Do they? And do those new domains have anything of importance (leaving aside sporting events, which I regard as the very nadir of interest)? Because I've had web access since the first Mosaic release and I cannot recall ever having to go to a site in a brand-new domain for anything I needed or wanted to know.

      I suppose it's conceivable that once in a while a new domain will host something worthwhile in its first month of existence. It's even conceivable that I would 1) hear about that, and 2) be sufficiently curious that I'd actually want to visit the site in that interval. But it seems surpassingly unlikely.

      Certainly I would not "miss out on current events", which - last I checked - are still covered adequately by reputable media sources, if those events are of any interest whatsoever. And, often, even if they aren't (see "sporting events").

      1. wayne 8

        "<randompolitco>.org"

        Never, ever going to click on some "<randompolitco>.<tld>"

        Have we not learned from the 80 yr old web site designer's scams?

        Then there are the scams by the "legitimate" political parties.

        "Send us money, we will work for you!" With a value for "you" that is the name of a third party that remains nameless due to anti free speech laws.

  4. jake Silver badge

    One word:

    Duh!

    I've been doing this for years ... but I put 'em on hold for two months, not one. Result: Uncounted scams&etc bypassed and only a couple of complaints, all of which were people unable to access their own vanity domains from work.

    1. Anonymous Coward
      Anonymous Coward

      Re: One word:

      How many users? How many distinct user populations with their own sets of, eg., web or mail requirements? Honest question. 5 - 10k range here, and countless user groups; this wouldn't fly for us. (There's also the small matter that IT is barely above "Chicken Soup Machine Nozzle Engineer, Class 2"in the corporate hierarchy.)

    2. Anonymous Coward
      Anonymous Coward

      Re: One word:

      I filter a million accesses a day - how are you doing this lol.

      Yes it'd make more work for me especially when we launch a new site ourselves but there's potential to save on a few problems each month for IT colleagues.

    3. Anonymous Coward
      Anonymous Coward

      Re: One word:

      Not new news. 15-odd years ago I wrote a program which scanned my emails for URLs, did a whois lookup on the domain, and if it was registered within the past month or so, deleted the email as spam.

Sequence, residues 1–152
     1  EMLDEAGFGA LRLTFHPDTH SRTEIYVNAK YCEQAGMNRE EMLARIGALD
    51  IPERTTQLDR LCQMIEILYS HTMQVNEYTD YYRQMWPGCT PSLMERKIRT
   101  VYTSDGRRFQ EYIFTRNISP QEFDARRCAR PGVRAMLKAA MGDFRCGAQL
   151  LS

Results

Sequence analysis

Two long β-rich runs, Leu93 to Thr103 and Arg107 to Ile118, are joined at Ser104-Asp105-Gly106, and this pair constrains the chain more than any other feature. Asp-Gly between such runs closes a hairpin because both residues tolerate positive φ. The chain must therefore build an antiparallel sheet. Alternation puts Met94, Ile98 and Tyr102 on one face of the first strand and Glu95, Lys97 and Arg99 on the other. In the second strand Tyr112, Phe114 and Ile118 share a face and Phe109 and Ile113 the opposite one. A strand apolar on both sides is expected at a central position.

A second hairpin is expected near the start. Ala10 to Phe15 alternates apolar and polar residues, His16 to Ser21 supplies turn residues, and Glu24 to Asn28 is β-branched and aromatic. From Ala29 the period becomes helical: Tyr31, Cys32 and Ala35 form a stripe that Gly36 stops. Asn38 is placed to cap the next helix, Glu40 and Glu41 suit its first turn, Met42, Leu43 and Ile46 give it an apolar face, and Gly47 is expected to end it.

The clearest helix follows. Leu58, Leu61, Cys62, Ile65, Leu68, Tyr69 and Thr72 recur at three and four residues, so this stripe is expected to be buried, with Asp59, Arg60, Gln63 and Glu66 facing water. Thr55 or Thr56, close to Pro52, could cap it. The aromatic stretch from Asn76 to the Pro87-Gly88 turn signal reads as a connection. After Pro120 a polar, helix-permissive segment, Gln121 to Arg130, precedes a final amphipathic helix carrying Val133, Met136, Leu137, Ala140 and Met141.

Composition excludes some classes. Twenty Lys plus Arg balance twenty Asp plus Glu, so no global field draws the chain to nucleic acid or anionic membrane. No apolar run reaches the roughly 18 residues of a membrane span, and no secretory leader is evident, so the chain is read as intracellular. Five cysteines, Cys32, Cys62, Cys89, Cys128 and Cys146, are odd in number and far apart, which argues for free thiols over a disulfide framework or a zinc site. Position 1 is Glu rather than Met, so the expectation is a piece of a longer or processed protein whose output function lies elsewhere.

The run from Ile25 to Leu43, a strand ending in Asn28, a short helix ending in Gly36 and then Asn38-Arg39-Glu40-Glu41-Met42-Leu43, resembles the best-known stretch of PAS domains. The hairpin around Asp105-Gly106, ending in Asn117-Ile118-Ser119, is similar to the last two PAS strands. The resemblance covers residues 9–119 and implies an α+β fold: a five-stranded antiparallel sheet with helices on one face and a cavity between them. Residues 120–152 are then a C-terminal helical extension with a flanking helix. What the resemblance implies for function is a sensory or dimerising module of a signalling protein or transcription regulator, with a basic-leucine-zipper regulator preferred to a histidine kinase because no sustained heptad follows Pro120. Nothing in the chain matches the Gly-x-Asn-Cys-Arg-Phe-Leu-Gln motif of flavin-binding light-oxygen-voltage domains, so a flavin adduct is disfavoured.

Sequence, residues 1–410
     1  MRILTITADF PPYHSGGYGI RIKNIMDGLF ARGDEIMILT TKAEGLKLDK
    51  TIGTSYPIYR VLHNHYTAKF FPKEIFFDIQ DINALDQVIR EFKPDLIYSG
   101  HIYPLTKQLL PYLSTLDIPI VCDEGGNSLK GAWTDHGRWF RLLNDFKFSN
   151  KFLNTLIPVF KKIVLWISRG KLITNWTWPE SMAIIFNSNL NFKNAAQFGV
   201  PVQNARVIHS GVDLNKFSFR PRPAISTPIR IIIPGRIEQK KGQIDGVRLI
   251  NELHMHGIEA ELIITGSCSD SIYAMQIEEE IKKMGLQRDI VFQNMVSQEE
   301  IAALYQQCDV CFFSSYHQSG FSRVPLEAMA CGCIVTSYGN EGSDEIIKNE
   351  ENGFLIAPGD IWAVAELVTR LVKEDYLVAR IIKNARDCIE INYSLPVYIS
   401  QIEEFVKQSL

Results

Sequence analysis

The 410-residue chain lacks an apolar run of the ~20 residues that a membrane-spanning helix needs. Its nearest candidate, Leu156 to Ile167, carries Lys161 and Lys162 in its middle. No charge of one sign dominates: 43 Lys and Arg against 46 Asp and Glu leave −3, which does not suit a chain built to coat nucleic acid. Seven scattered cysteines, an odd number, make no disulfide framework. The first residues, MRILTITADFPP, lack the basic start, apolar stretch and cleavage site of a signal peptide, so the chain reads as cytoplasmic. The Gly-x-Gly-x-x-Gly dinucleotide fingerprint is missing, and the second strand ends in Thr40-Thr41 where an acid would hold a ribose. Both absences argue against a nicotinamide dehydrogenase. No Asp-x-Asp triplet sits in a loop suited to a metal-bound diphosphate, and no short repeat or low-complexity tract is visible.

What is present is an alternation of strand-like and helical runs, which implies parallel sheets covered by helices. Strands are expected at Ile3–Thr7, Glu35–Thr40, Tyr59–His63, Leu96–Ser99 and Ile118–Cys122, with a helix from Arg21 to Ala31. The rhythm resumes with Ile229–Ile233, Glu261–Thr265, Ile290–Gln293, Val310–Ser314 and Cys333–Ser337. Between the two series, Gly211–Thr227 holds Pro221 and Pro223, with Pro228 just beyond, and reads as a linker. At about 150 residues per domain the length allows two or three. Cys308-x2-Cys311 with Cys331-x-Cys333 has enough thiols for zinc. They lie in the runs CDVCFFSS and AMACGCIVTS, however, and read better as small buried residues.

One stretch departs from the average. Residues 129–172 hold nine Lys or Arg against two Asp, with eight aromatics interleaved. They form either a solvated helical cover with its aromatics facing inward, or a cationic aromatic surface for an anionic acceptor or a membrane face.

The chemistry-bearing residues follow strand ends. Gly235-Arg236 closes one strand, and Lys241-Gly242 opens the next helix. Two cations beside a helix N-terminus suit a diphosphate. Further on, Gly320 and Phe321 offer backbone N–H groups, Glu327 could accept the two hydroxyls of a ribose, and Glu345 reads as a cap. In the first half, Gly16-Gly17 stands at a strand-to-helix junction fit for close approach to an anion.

Back then, with email, the spammy domains were typically less than a week old, and commonly only a day or two when the email was sent.

      1. Anonymous Coward
        Anonymous Coward

        Re: One word:

        There's no standard format for whois information and a hell of a lot of domain suffixes out there. So what do you do with the ones you're not sure how to get the reg date? Do you ban everything else?

  5. steward
    Stop

    This should escalate the price...

    ...of parked domains > 2 mos. old.

    End of solution.

    1. januschr

      Re: This should escalate the price...

      Yup. Once implemented it will last exactly two months before the scammers have caught up. Scammers can just buy a small handfull of domains every day so that they will always have a batch of "fresh" old domains ready.

      1. Joe Harrison

        Re: This should escalate the price...

        I have a master plan to defeat the two-monther scams - I will wait three months.

  6. RainCaster

    Where is the list server?

    I get my BLs from a number of places, but I don/t know of one that follows this guideline.

    1. Richard 12 Silver badge

      Re: Where is the list server?

      It's blocked until the 23rd of September

  7. Orv

    I'd also suggest blocking any email with a link to a .info domain.

    1. Mike 16 Silver badge

      Dodgy .info?

      Blocking *.info would be a real inconvenience for me. ibm-1401.info is just my cup of tea. Blocking email from there might be annoying, although not nearly as annoying as preventing my reading of the website.

      Of course, I'm just a geezer, and don't have an employer, other than She Who Writes the To Do List.

      1. Orv

        Re: Dodgy .info?

        Huh. I think that is literally the first legit use of .info I've ever seen.

        I've always seen registrars offering deals where you could get .info domains for ridiculously low prices, so I'm not too surprised most of them are junk.

        That one is cool though.

  8. bpfh
    Paris Hilton

    .xyz is on my postfix header check rules

    Never seen a website with this tld in the wild but a lot of dodgy mails have it in their headers.

    Anyone know if you can do an nslookup and pull the registered since field via Whois - and are we allowed to do this after gdpr?

    1. Anonymous Coward
      Anonymous Coward

      Re: .xyz is on my postfix header check rules